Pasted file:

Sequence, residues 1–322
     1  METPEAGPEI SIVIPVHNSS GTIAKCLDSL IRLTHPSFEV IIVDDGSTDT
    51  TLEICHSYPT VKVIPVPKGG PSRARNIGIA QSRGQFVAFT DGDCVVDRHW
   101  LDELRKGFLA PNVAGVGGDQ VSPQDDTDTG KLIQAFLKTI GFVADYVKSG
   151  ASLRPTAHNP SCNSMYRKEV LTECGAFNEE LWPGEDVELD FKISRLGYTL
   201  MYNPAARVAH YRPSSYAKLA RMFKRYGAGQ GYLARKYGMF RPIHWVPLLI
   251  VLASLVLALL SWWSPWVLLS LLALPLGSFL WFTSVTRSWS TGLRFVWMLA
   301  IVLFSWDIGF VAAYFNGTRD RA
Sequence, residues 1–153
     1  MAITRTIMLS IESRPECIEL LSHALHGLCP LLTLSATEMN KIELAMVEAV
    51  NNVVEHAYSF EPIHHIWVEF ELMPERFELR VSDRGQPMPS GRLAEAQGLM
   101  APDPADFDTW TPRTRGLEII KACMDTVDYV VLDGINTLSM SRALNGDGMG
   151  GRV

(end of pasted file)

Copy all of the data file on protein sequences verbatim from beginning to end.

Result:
Sequence, residues 1–322
     1  METPEAGPEI SIVIPVHNSS GTIAKCLDSL IRLTHPSFEV IIVDDGSTDT
    51  TLEICHSYPT VKVIPVPKGG PSRARNIGIA QSRGQFVAFT DGDCVVDRHW
   101  LDELRKGFLA PNVAGVGGDQ VSPQDDTDTG KLIQAFLKTI GFVADYVKSG
   151  ASLRPTAHNP SCNSMYRKEV LTECGAFNEE LWPGEDVELD FKISRLGYTL
   201  MYNPAARVAH YRPSSYAKLA RMFKRYGAGQ GYLARKYGMF RPIHWVPLLI
   251  VLASLVLALL SWWSPWVLLS LLALPLGSFL WFTSVTRSWS TGLRFVWMLA
   301  IVLFSWDIGF VAAYFNGTRD RA
Sequence, residues 1–153
     1  MAITRTIMLS IESRPECIEL LSHALHGLCP LLTLSATEMN KIELAMVEAV
    51  NNVVEHAYSF EPIHHIWVEF ELMPERFELR VSDRGQPMPS GRLAEAQGLM
   101  APDPADFDTW TPRTRGLEII KACMDTVDYV VLDGINTLSM SRALNGDGMG
   151  GRV